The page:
POZ - XVI International AIDS Conference (2006) : IAC: Vicriviroc Shows Promise - by Tim Horn

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Back to home » Conference Coverage » XVI International AIDS Conference (2006)

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IAC: Vicriviroc Shows Promise
by Tim Horn

August 17, 2006 (AIDSmeds)—The AIDS Clinical Trials Group has reported results from a clinical trial of vicriviroc, an experimental entry inhibitor being developed by Schering-Plough. Results from the study were reported today at the International AIDS Conference (IAC) in Toronto.

The primary goal of the study (A5211) was to see how well vicriviroc worked over 14 days in HIV-positive people who had tried other HIV treatments in the past and who were failing their current HIV regimen. Other goals were to study the safety of vicriviroc and to study the effects of vicriviroc on viral load and CD4 cell counts (T cell counts) – when used in combination with other HIV medications – over 24 weeks.

After HIV binds to the CD4 protein on T-cells, the virus must then latch onto another receptor on the cell's surface – either CCR5 or CXCR4. Vicriviroc, like another entry inhibitor maraviroc, blocks CCR5 and, in turn, prevents HIV from entering CD4 cells that carry this receptor.

Study participants were randomized to add one of three doses of vicriviroc (5mg, 10mg, or 15mg once a day) or a placebo to their current HIV drug regimen. After two weeks, participants continued vicriviroc, or placebo, and changed their other HIV drugs to an optimized background treatment (OBT) consisting of approved HIV medications that their virus may be sensitive to.

An independent study monitoring board reviewed the clinical trial for safety from time to time. At their review on October 6, 2005, the committee recommended stopping the 5mg vicriviroc dose because it wasn't working as well as the other doses. At their review on February 15, 2006, they noted five cancers in participants taking vicriviroc and recommended that all participants be told whether they were taking vicriviroc or not.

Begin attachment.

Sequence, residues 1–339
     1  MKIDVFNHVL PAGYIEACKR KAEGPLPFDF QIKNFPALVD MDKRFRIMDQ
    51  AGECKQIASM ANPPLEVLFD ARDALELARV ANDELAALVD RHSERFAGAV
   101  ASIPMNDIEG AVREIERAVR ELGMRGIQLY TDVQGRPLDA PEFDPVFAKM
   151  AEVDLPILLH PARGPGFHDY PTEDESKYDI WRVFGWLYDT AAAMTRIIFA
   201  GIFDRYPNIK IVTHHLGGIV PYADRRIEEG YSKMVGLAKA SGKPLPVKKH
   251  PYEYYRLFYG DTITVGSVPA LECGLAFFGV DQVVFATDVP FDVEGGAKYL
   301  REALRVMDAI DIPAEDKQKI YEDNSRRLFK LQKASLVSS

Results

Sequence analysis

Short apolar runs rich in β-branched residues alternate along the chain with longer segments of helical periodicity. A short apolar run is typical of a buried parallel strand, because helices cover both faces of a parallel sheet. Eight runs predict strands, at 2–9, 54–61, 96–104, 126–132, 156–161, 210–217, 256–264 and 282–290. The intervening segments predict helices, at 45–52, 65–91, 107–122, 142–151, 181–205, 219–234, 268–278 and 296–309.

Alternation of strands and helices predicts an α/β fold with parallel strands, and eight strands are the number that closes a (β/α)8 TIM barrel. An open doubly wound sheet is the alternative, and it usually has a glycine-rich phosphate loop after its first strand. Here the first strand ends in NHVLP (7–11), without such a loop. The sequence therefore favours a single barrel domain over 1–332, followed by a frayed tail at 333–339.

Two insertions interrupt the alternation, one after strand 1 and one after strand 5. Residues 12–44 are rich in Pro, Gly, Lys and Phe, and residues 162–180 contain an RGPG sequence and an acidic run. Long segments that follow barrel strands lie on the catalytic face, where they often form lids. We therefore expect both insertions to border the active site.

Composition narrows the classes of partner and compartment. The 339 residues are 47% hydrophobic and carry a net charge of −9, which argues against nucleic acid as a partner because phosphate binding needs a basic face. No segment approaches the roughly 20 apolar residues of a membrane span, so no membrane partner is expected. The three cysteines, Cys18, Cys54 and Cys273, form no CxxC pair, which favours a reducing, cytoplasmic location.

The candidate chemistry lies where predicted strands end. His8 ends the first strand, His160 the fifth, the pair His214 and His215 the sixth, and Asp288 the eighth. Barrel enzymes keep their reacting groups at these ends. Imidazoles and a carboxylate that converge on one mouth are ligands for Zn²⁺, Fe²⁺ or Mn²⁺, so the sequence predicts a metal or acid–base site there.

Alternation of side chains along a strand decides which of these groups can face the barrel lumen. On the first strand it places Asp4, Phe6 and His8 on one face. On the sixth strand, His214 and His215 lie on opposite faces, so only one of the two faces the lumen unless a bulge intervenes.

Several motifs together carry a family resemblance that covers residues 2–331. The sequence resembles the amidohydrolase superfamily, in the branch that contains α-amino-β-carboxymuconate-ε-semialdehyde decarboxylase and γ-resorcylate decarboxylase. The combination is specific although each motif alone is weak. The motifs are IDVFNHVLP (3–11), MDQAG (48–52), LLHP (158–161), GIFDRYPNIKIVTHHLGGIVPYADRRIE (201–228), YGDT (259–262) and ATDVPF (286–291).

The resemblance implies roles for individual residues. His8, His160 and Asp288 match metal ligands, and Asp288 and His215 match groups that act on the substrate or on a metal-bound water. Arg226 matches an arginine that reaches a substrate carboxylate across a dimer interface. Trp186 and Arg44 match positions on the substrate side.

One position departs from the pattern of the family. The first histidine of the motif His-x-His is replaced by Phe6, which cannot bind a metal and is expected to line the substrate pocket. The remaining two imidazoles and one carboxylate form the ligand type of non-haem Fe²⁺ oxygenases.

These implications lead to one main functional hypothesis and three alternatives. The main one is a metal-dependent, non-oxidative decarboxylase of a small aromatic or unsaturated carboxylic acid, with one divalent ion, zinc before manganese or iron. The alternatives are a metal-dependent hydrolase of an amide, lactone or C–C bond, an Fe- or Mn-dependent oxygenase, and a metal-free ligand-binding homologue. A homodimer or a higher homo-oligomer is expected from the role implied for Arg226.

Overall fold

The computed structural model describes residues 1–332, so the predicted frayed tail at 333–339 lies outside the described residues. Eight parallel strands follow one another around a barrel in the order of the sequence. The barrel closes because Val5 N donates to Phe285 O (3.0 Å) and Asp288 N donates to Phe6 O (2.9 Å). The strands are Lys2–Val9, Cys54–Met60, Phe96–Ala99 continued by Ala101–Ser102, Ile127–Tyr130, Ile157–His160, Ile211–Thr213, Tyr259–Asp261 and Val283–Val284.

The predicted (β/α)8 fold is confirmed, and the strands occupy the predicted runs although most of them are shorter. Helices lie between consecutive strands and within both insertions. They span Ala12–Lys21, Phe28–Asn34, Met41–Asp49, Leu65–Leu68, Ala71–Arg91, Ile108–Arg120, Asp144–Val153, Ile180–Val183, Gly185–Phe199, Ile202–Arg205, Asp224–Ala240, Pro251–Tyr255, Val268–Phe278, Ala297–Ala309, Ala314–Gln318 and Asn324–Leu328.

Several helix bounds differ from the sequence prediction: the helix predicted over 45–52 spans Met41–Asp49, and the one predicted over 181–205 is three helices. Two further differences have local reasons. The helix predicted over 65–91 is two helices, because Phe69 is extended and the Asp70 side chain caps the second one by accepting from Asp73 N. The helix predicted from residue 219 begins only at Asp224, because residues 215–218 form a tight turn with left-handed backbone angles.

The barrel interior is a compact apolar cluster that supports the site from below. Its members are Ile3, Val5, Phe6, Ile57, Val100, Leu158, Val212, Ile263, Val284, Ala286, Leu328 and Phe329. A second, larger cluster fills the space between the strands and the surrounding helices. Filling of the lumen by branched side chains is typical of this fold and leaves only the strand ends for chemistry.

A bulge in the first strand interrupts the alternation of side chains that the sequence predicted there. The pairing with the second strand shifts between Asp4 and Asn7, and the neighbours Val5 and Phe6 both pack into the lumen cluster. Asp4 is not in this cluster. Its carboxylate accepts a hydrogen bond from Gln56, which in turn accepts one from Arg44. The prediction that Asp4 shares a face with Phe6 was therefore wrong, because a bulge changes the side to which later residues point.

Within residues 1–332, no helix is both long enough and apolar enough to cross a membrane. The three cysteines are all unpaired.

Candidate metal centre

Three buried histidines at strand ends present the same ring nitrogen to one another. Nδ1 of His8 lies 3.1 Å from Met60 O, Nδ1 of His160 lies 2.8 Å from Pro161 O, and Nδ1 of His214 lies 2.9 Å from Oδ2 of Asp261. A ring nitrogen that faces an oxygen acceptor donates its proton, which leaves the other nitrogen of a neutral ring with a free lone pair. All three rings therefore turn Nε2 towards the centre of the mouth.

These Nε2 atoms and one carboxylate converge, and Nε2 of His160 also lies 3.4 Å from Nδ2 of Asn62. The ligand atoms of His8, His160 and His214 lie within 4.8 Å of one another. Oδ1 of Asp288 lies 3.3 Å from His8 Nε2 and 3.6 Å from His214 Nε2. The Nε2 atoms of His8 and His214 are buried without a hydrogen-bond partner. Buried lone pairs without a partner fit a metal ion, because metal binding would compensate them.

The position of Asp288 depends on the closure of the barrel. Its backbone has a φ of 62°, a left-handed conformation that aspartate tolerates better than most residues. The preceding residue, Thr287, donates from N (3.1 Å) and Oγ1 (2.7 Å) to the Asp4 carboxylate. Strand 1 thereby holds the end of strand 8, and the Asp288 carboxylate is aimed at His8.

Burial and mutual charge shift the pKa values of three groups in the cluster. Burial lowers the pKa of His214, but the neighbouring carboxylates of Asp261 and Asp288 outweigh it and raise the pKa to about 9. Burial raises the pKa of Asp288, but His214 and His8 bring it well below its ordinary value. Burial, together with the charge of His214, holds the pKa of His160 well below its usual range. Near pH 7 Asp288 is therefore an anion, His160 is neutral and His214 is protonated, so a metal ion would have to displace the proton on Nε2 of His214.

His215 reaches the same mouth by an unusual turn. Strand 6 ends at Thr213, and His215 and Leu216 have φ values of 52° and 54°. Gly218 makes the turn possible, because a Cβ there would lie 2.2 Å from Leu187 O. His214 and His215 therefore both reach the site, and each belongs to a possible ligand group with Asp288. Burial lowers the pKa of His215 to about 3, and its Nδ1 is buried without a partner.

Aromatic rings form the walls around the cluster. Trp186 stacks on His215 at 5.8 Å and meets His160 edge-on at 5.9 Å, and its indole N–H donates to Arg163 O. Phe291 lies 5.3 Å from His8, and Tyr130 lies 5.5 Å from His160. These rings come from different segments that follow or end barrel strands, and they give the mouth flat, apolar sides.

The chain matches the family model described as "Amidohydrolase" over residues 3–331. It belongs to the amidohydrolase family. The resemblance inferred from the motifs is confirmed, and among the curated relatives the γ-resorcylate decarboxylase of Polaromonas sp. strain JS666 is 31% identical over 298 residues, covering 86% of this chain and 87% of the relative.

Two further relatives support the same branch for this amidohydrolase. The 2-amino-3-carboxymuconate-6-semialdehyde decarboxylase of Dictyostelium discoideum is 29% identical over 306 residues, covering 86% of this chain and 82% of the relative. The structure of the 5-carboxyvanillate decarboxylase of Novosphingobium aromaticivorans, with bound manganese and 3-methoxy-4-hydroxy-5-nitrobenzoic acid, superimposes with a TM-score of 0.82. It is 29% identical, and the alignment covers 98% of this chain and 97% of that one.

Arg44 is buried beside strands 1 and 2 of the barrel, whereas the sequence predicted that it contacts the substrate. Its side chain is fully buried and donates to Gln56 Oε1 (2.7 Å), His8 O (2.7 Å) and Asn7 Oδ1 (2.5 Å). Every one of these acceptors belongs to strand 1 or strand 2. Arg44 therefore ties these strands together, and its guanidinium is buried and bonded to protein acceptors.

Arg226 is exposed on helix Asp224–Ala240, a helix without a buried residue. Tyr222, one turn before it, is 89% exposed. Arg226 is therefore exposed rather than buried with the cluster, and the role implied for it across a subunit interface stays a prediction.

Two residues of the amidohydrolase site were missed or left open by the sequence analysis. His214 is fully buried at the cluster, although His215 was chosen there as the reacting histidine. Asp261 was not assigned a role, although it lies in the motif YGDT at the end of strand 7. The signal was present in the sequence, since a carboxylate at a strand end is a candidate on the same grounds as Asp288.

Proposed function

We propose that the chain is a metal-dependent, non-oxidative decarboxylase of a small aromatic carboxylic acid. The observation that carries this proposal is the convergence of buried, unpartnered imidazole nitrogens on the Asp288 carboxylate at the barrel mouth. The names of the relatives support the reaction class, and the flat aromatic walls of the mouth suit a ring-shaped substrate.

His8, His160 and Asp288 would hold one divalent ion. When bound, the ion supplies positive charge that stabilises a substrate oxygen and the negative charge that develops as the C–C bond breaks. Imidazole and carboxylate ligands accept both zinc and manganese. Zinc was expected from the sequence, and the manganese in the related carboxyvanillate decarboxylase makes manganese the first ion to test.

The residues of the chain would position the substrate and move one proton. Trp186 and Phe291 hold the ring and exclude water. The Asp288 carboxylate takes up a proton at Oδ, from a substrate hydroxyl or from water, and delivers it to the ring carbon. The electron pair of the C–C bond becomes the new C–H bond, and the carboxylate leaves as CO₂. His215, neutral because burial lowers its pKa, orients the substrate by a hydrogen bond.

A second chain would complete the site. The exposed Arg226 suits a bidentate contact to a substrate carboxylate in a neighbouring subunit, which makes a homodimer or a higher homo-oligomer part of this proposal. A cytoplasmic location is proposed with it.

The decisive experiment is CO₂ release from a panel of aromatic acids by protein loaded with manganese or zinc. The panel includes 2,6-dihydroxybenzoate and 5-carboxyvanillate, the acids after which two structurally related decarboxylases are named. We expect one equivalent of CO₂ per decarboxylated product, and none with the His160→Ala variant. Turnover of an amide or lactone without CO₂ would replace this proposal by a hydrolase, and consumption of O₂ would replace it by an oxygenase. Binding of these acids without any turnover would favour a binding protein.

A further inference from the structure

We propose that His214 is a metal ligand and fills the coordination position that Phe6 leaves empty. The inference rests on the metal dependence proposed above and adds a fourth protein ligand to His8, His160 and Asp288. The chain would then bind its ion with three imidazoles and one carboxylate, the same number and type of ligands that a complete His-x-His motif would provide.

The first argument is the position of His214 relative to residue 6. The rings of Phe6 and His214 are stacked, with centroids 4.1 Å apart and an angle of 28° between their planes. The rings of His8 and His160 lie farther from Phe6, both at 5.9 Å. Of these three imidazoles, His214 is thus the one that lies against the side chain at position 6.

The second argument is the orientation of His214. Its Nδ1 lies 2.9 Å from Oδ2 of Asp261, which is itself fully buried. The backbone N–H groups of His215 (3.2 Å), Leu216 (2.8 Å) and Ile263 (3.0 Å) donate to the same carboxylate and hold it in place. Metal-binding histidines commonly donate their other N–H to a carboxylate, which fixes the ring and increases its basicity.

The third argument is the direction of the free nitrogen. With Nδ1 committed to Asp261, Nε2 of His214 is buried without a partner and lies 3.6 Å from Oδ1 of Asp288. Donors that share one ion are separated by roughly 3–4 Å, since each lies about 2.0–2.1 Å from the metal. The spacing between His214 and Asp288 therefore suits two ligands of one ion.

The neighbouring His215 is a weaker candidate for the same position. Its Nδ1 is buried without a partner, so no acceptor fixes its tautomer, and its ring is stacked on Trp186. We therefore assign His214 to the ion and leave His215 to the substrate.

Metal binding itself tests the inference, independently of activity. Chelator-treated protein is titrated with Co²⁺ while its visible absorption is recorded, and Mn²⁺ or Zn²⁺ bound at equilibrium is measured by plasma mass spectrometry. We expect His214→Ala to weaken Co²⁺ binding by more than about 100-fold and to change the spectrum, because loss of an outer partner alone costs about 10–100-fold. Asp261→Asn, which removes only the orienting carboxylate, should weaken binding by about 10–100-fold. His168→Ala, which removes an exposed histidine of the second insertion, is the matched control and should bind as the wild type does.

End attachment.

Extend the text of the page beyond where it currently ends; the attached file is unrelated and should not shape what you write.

The results, reflecting data collected up until February 15, were reported at IAC by Roy Gulick, MD, MPH, of Weill Cornell Medical College in New York. Dr. Gulick said that 118 patients were enrolled in the study. The average viral load at study entry was 36,380 and the average CD4 count was 146. Unlike the patients in the maraviroc study also reviewed at the conference today (see this AIDSmeds report), all patients in A5211 had HIV that targeted CCR5 on CD4 cells.

After two weeks, participants taking either 10mg or 15mg vicriviroc decreased their viral loads by approximately 1.15 and 0.92 log, respectively. Participants taking placebo experienced a slight increase in their viral loads.

Over 24 weeks, participants taking placebo or 5mg vicriviroc plus OBT were more likely to see their viral loads rebound compared to patients taking either 10mg or 15mg vicriviroc plus OBT. In the 10mg vicriviroc group, viral loads decreased, on average, by 1.86 log after 24 weeks; in the 15mg vicriviroc group, the average viral load drop was 1.68 log. These results were significant compared to the viral load change seen in the placebo group after 24 weeks – only a 0.29 log drop.

The percentage of subjects with viral loads below 400 at week 24 was 11% in the placebo group, 53% in the 10mg vicriviroc group, and 47% in the 15mg vicriviroc group. The percentage of subjects with viral loads below 50 at week 24 was 7% in the placebo group, 40% in the 10mg vicriviroc group, and 27% in the 15mg vicriviroc group.

Dr. Gulick also reported changes in CD4 counts after six months of treatment. In the placebo group, CD4 counts decreased by 6 cells, compared to a 142-cell increase in both vicriviroc groups.

A central concern with entry inhibitor treatment targeting CCR5 is that it will result in the emergence of HIV using CXCR4, a form of the virus that is believed to be associated with more rapid disease progression. In A5211, CXCR4 virus emerged in 13 patients, including one patient in the placebo group, three patients in the 10mg vicriviroc group, and two patients in the 15mg vicriviroc group (the rest were in the 5mg vicriviroc group). At this point in time, however, it is not clear if this CCR5-to-CXCR4 "switch" is really associated with more rapid disease progression or if the switch is permanent once the CCR5-blocking medication is discontinued.

As for side effects, there were no differences between the placebo and vicriviroc groups. However, the five cancers reported – all in patients taking vicriviroc – are concerning and still being investigated.

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